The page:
Storming the CASL: What About In-Person Spam?

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Today, Canada’s Anti-Spam Legislation (CASL – playfully pronounced “castle”) took effect, primarily focused on Commercial Electronic Messages. It is regarded by many as the world’s toughest stance on spam by any government body. Interesting that it’s launching on Canada Day, perhaps sending some subliminal message of strength and patriotism.

In this post, I will make no judgements, commentary, or declare my opinion about CASL itself – there are plenty of people already doing that. In the end, I am against spam and unwanted communications, and the effect they have on those of us who are trying to communicate properly, meaningfully and respectfully. It desensitizes and jades people to communications and creates a population of annoyed cynics – and who can blame them for becoming that way.

My question is, what about in-person spam? Here are some examples of what I mean:

  • You just meet someone and they are trying to sell you and close you from the first sentence
  • At an event, you see someone who is rapid-firing out their business card at anyone who will take it, and doesn’t bother getting to actually know anyone
  • Someone is not listening to you at all in a conversation and just keeps talking over you, through you and around you
  • People who express views from a place of hatred and exclusion, such as racists and bigots
  • An acquaintance who is always asking for something and never offers anything in return

  • What we really need is a shared understanding of what is appropriate, and to respect each other enough abide by that understanding. Rather than trying to get louder and noisier to make your voice heard, maybe what you really need to do is listen.

    To stop yourself before from becoming an in-person spammer:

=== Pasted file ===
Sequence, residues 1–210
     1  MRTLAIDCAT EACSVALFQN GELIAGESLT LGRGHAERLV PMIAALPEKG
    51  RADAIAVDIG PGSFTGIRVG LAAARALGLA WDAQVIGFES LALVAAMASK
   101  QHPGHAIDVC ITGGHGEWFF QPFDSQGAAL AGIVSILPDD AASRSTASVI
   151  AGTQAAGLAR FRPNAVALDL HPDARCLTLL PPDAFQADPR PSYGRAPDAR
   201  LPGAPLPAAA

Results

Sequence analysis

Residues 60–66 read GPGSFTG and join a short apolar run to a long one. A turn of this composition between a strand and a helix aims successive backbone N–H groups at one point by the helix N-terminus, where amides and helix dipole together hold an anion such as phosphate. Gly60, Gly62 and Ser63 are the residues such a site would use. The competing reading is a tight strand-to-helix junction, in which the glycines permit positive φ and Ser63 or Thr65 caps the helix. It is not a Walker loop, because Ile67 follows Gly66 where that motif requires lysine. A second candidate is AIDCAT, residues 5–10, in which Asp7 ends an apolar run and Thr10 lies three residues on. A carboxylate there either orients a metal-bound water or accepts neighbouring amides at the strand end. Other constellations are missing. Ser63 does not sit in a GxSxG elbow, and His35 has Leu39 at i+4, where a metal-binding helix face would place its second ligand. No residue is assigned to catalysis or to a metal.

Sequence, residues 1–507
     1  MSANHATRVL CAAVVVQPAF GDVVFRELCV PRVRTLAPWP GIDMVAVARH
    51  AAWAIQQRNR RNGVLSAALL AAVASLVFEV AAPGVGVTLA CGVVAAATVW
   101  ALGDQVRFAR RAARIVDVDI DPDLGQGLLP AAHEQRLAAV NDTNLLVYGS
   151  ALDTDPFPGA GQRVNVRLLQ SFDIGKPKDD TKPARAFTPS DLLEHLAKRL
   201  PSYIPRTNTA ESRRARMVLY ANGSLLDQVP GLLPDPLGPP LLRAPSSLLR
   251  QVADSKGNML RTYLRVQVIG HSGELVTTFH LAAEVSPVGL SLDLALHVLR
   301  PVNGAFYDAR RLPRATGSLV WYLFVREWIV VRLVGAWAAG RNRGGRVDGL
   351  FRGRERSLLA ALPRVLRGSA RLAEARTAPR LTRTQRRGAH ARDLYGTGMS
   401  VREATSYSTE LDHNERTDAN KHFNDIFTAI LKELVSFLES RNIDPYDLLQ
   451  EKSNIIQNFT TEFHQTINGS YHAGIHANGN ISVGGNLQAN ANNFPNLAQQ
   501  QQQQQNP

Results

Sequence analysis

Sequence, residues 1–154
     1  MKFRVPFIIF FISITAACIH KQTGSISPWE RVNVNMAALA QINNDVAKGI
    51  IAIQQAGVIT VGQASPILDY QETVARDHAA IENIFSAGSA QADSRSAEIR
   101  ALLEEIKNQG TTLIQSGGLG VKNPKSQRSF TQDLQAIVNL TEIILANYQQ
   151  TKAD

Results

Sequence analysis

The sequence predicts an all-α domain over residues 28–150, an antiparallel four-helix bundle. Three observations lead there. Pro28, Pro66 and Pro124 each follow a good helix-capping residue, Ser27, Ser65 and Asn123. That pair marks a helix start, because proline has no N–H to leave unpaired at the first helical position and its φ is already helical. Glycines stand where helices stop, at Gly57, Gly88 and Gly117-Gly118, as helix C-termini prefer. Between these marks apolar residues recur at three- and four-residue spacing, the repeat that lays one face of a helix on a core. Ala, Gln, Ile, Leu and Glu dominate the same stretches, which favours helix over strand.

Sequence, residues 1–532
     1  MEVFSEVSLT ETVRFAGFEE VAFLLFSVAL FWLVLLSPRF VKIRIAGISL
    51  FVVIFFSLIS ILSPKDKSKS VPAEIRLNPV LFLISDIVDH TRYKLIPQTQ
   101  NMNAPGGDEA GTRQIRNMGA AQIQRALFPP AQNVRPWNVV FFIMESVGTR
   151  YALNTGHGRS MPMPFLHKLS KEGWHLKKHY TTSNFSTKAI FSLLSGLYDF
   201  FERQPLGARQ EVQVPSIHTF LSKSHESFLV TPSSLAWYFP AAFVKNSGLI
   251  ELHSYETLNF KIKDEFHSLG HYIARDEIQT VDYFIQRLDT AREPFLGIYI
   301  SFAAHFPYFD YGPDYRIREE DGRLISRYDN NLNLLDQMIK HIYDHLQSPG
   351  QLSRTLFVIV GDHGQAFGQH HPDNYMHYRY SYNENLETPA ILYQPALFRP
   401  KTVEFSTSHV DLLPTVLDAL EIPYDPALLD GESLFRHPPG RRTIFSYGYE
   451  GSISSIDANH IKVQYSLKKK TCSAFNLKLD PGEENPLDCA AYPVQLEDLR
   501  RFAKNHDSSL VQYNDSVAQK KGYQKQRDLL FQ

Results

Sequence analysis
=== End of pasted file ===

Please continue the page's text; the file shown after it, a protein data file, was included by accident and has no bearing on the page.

• Listen well and really get to know people
  • Ask questions and practice curiosity to increase your understanding
  • Heighten your self-awareness and the impact you have on others
  • Make sure you understand how people want to be treated and then do that
  • Ensure all of your communications are meaningful and respectful, and not just about you all the time.

  • This brief conversation of tweets from two respected friends says it all – and applies no matter what channel you’re using. This is in response to the flurry of emails Canadians have been receiving to obtain “opt-in” explicit consent for ongoing communications, many of which have been less than stellar.

    Spam is spam, wherever it’s coming from.

    Constant Questions: Have you ever experienced in-person spam? What is the worst story you have? How do you think we can avoid it? Have you ever actually eaten Spam or its lesser known cousin Klik?

    The ultimate SPAM video!

    Creative Gratitude

    Thank you to all who took part in the “Thank you, but no thank you” contest, AKA #BestTY. Wait, after all of my preaching about not opening with ‘thank you’, let me restate that first sentence. You deserve respect, gratitude and a pat on the back for taking part and supporting this contest. Whether you placed an entry, promoted it, or even thought about how you thank people, kudos to you.